Localtarianism. I like it.

Advertisements

Six Items or Less

Some people are taking part in a brilliant experiment called 6 Items or Less.

One month with only 6 items of clothing (not including underwear, accessories etc).

They say they don’t really have a philosophy behind it all. I love it though.

I don’t know about you but I have a very full wardrobe. In fact, I had to remove a suitcase worth of clothes from it before I could get the clothes I brought back from university into it.

Too. Many. Clothes.

I know I can survive with far fewer. I have stupid amounts of very similar items. Why do I keep buying things?!

And don’t even get me started on shoes . . .

Can I buy a banana?

I went to a church cell group for the first time the other night. Every third week someone in the group brings an issue they’s like to discuss and this week it was consumerism. I fear I may have scared them a little with my outspokenness; you know how my rants can usually go!

We simplified it a little by taking the case of a banana.

A banana which must be flown a few thousand miles around the earth for us to eat (creating lots of global warming causing carbon dioxide); which was likely produced using lots of chemical fertilisers and on a patch of ground which had been deforested (more environment issues there); the person who grew it probably endures difficult working conditions and is paid less than we would consider a living wage (humanitarian issues arise here).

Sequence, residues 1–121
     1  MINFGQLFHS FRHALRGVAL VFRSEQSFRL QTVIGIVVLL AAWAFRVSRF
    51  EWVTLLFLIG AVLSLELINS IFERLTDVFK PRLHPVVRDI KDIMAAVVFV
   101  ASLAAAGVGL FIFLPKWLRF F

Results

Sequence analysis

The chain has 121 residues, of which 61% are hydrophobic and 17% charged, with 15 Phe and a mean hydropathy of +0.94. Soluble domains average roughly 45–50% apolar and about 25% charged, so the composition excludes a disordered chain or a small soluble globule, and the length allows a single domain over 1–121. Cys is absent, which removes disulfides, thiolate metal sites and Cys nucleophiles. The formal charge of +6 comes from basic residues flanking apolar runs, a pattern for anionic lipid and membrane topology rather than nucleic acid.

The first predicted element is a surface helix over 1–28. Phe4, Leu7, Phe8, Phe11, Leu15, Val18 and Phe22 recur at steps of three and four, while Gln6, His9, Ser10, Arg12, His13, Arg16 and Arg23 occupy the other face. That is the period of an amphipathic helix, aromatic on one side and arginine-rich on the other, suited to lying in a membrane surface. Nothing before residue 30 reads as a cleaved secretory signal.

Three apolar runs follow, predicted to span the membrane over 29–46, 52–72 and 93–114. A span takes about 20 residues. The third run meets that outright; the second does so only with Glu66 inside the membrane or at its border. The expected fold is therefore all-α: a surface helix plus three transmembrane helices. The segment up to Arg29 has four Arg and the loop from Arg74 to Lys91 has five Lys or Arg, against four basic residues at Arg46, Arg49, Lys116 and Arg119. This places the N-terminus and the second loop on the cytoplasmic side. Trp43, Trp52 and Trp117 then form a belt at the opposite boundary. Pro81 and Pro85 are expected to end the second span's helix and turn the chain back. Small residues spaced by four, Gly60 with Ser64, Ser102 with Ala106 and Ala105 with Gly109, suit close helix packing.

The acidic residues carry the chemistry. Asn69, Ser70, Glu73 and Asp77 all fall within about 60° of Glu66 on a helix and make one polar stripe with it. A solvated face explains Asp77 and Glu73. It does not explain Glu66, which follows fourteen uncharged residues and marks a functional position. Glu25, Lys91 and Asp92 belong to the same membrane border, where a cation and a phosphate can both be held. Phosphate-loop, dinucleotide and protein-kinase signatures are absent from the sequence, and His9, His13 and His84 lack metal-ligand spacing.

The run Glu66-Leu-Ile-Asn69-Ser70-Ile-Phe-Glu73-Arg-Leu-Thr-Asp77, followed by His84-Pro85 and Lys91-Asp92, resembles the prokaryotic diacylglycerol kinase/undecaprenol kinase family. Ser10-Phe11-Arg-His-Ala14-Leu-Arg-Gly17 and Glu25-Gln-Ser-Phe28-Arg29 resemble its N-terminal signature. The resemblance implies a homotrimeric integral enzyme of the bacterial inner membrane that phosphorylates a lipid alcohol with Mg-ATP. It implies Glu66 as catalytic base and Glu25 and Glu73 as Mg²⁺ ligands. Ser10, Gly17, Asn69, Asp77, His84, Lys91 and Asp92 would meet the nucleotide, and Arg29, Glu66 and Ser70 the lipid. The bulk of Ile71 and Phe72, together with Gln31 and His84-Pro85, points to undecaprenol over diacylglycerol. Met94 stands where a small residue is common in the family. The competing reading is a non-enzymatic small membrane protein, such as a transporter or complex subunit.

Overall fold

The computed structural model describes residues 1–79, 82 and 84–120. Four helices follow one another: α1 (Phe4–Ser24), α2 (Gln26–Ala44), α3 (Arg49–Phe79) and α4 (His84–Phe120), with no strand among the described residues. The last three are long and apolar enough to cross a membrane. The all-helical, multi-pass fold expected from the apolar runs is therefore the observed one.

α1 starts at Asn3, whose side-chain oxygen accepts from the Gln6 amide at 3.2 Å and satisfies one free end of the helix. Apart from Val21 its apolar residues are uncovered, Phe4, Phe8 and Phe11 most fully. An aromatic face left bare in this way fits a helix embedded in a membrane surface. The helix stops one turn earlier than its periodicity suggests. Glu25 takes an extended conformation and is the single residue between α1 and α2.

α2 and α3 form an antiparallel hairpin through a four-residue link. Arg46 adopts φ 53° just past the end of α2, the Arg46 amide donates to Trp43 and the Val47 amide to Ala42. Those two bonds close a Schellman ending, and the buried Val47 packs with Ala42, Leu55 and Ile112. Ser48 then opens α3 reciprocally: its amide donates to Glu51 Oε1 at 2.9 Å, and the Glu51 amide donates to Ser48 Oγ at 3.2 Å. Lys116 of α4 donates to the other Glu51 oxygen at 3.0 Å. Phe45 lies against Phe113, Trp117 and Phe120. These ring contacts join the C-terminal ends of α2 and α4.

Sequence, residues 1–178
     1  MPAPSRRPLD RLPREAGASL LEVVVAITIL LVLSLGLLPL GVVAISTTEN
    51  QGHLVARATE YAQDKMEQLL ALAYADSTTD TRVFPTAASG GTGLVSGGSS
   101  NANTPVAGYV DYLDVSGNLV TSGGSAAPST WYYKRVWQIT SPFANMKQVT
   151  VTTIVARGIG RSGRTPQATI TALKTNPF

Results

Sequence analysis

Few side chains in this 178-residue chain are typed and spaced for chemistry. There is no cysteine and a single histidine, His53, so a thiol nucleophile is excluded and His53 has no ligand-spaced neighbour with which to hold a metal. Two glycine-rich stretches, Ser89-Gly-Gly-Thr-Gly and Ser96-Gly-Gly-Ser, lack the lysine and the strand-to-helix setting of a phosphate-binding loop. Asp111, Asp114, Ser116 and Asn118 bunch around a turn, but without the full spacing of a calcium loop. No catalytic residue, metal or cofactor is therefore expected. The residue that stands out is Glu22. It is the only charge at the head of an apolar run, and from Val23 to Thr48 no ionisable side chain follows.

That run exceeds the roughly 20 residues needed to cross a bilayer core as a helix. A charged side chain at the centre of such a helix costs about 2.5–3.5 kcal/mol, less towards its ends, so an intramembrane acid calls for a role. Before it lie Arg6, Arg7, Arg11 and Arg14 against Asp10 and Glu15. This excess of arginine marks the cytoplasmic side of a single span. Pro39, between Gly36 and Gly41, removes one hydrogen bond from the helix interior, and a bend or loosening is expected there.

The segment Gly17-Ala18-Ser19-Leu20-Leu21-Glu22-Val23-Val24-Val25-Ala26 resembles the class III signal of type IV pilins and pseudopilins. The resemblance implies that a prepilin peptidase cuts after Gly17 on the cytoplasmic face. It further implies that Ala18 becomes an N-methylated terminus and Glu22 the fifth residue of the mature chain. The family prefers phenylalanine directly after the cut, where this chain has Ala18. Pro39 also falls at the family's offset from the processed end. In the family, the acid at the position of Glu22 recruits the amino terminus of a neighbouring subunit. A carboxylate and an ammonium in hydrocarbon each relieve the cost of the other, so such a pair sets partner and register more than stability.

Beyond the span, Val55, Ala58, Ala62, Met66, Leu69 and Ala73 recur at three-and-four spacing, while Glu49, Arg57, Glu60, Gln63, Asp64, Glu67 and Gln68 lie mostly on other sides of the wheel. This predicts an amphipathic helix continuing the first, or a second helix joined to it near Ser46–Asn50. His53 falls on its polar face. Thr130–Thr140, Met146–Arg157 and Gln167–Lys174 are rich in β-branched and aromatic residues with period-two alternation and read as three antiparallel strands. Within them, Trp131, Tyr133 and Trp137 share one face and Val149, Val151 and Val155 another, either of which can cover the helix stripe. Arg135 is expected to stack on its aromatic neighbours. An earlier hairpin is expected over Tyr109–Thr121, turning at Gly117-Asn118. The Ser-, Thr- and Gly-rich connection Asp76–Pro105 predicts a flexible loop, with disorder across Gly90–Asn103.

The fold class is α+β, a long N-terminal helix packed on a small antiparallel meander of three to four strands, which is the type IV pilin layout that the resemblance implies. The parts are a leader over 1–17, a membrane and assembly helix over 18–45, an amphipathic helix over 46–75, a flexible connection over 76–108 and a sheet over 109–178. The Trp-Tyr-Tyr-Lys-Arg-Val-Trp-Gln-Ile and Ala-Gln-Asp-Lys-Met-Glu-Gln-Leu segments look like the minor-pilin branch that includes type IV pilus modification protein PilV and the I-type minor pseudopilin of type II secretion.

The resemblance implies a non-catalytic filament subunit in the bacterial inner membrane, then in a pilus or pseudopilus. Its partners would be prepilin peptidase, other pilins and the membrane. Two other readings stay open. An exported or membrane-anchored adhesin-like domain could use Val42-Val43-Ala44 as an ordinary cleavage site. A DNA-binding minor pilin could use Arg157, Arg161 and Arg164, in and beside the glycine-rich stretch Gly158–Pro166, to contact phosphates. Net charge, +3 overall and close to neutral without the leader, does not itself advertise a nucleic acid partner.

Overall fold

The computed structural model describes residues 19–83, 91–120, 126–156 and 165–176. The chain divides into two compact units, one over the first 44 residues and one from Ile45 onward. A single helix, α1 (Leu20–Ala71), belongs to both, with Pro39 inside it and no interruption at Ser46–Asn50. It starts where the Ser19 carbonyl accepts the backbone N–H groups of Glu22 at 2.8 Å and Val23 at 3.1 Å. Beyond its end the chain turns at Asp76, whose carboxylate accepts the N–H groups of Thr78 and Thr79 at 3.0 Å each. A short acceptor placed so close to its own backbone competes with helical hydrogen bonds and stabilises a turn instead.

The simple answer would appear to be: lets just not eat bananas. However, if we do that we’re removing an important, if meagre, income from the lives of a number of people. Those at the bottom of the consumer chain are in need of the little wages they do make to survive, can we really just cut that off?

So should we then just buy Fairtrade? This is a tricky one I’m going to need to look in to more because, depending on who you talk to, Fairtrade apparently isn’t always as fair as you would think.

The solution then . . . well, we didn’t have one.

I think it’s important for everyone, and especially Christians to be aware of what and where they are buying. We ought to be ethically minded; the difficulty comes when we appear to have to prioritise ethical issues.

The main point that was made was that if we adjust our lifestyle to be more ethical, do we do it from the point of “this is what I want, how can I get it more ethically” or “this is what I can get, so this is what I’ll have”?

My answer would be option two. I’m still more than up for complete self sufficiency. Ashley and I are going to plant kiwi trees (don’t ask). I’m aware it doesn’t have all the answers but it also means I can produce no more than I need, in an organic and ethical fashion.

Capital Punishment

My friend Ben posted something interesting on his blog – Not At The Dinner Table – the other day about why he thinks there is biblical evidence to support capital punishment here in the 21st century. Today I finally got round to writing a response which you can read in the comments section (though I’d wait until you have more than a couple of minutes, it’s not exactly light reading!)